*Halloween=night V killed Lily & James; night troll let in by Quirrell
July 31=Harry’s bday (9 months before is Halloween)

Harry Potter and the Deathly Hallows {re-read}

TitleHarry Potter and the Deathly Hallows
Author: JK Rowling
Genre: YA fantasy
ISBN: 9780545010221
Length: 749 pages (I didn’t read the epilogue, this time around)
Published: 2007
Source: personal collection
Rating: 5/5
Challenges/Resolutions: Harry Potter Reading Marathon

Reason for Reading: I’m participating in Shannon’s Harry Potter Reading Marathon, and the book for December is Deathly Hallows.

Summary (from Goodreads):

As the novel begins, Harry, Ron, and Hermione are on the run from Lord Voldemort, whose minions of Death Eaters have not only taken control of the Minister of Magic but have begun to systematically – and forcibly – change the entire culture of the magic community: Muggle-born wizards, for example, are being rounded up and questioned, and all “blood traitors” are being imprisoned. But as Voldemort and his followers ruthlessly pursue the fugitive with the lightning bolt scar on his forehead, Potter finally uncovers the jaw-dropping truth of his existence.

My Thoughts: How weird is it that the last time I read this book, I listened to it on audiobook and finished it just a couple weeks earlier in December of 2010.

I don’t believe I have ever noticed how serious this book feels from the very beginning. The story (concerning Harry) starts, as usual, in the Dursley household. But the mood is immediately depressing and ominous. That being said, there isn’t really all that much in the book to be happy about. I guess it’s good that Bill and Fleur get married, even if the wedding turns into a nightmare. And it’s good that Lupin and Tonks have a baby, but then they die. The happy parts seem much happier the first time around–as a reread, the fact that practically every good thing has an equally bad thing that follows.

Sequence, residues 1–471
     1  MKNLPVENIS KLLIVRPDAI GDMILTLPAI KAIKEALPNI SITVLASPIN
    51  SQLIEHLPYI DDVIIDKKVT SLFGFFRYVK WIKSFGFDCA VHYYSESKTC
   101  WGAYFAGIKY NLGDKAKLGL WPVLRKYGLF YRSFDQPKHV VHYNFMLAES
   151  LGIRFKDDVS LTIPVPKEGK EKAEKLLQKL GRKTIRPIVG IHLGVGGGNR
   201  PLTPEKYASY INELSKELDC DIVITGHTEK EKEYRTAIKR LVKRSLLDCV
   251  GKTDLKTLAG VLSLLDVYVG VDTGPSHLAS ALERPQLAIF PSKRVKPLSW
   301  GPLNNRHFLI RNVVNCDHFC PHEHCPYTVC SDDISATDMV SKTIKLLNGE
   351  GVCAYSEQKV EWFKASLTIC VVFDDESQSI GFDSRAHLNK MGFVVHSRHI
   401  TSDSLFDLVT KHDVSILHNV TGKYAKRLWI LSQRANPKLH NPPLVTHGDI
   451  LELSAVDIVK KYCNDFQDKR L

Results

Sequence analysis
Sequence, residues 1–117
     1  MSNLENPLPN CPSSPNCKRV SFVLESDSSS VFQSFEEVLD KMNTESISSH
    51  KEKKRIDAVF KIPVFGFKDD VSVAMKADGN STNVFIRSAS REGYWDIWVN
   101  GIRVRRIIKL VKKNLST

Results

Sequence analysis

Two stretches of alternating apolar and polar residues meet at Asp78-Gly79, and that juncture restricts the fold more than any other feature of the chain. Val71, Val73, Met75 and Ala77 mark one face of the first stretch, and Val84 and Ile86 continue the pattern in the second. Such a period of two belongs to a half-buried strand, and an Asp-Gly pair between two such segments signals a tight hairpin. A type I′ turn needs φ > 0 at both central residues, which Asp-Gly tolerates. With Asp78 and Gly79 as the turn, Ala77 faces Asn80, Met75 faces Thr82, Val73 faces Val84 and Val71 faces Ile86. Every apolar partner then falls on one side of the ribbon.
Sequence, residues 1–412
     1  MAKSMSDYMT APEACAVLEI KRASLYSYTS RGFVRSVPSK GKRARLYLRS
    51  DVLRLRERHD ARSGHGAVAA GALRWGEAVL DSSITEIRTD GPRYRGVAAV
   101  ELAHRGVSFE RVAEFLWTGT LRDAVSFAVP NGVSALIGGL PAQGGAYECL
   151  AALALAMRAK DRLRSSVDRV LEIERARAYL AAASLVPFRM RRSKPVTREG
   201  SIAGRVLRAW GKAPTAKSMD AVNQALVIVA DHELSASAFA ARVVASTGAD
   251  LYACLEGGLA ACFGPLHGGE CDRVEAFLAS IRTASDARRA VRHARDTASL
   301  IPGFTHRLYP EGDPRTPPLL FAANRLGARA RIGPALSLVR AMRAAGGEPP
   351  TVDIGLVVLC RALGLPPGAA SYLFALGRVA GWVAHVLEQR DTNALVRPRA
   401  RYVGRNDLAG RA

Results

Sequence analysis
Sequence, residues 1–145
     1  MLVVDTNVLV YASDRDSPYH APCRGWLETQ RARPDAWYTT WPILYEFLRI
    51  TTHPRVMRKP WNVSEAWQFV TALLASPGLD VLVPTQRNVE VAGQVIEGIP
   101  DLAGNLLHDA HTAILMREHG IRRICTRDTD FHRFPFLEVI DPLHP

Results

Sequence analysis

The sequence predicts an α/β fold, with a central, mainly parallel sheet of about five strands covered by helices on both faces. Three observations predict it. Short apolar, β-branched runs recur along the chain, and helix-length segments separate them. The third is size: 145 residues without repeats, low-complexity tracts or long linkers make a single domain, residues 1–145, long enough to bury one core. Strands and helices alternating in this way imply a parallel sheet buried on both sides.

But rereading does shed light on other parts. For instance:

“I shall attend to the boy in person. There have been too many mistakes where Harry Potter is concerned. Some of them have been my own. That Potter lives is due more to my errors than to his triumphs.” (Voldemort, p6)

I did not realize how important Voldemort admitting he is fallible is in the story. Clearly he does not think Harry is better than himself–he admits that all three times he directly tried to kill him, he “accidentally” managed to live. I must not have really realized Voldemort said this the first two times I read/listened to the story. That is a big deal, for Voldemort to say he is not perfect. It must be hard to be the most powerful wizard in the world and not be perfect.

Oh, and then there’s Draco. It becomes pretty apparent in this final installment that he’s pretty much all talk and no action. Being associated with very powerful people, he boasted a big game when Voldemort returned. But then he told the Death Eaters that a-disguised-Harry wasn’t really Harry–why? And he couldn’t kill Dumbledore–why? Part of it is, I’m sure, that he can be very cowardly. But when he and his own family suffered at the hands of Voldemort and the Death Eaters, I guess he came to realize that dark power is good in theory, but dark magic in reality is not good.

Here are a few other things I found interesting:

  • Hermione explains the enchantment she placed upon her parents (p96-7), but she says she has never performed a Memory Charm later (p167). So what did she do to her parents? I guess they never really explained how many different kinds of Memory Charms there are, but Obliviate is the only one mentioned previously. Also, I find the scene in the movie when she wipes herself from her parents’ memories much more heartbreaking than her explanation of it in the book.
  • Ginny’s name is Ginevra (p141). Never caught that before. This was particularly interesting because I had been thinking, “What is Ginny short for?” the day before I got to that part of the book.
  • Hermione was getting on my nerves a little this time around. But she was seriously a broken record about Harry’s occlumency.
  • Harry, at some point in the woods, said that (essentially) he missed being fed, bedded, and having others in charge and telling him what to do. And, my first thought was, “Welcome to the real/adult world!”
  • The Muggle-born Register screams Jewish rosters in Nazi Europe. You know, all that “dirty blood” (totally being sarcastic there!)

As I mentioned, I didn’t read the epilogue this time around. Not just because I don’t like it–which is true, but it doesn’t ruin the book for me anymore (like the first time). But I just didn’t feel like reading it. I already know what it says and it’s not important to the story. The book ends just as well without the epilogue–a good, solid closure.

Harry Potter and the Half-Blood Prince by JK Rowling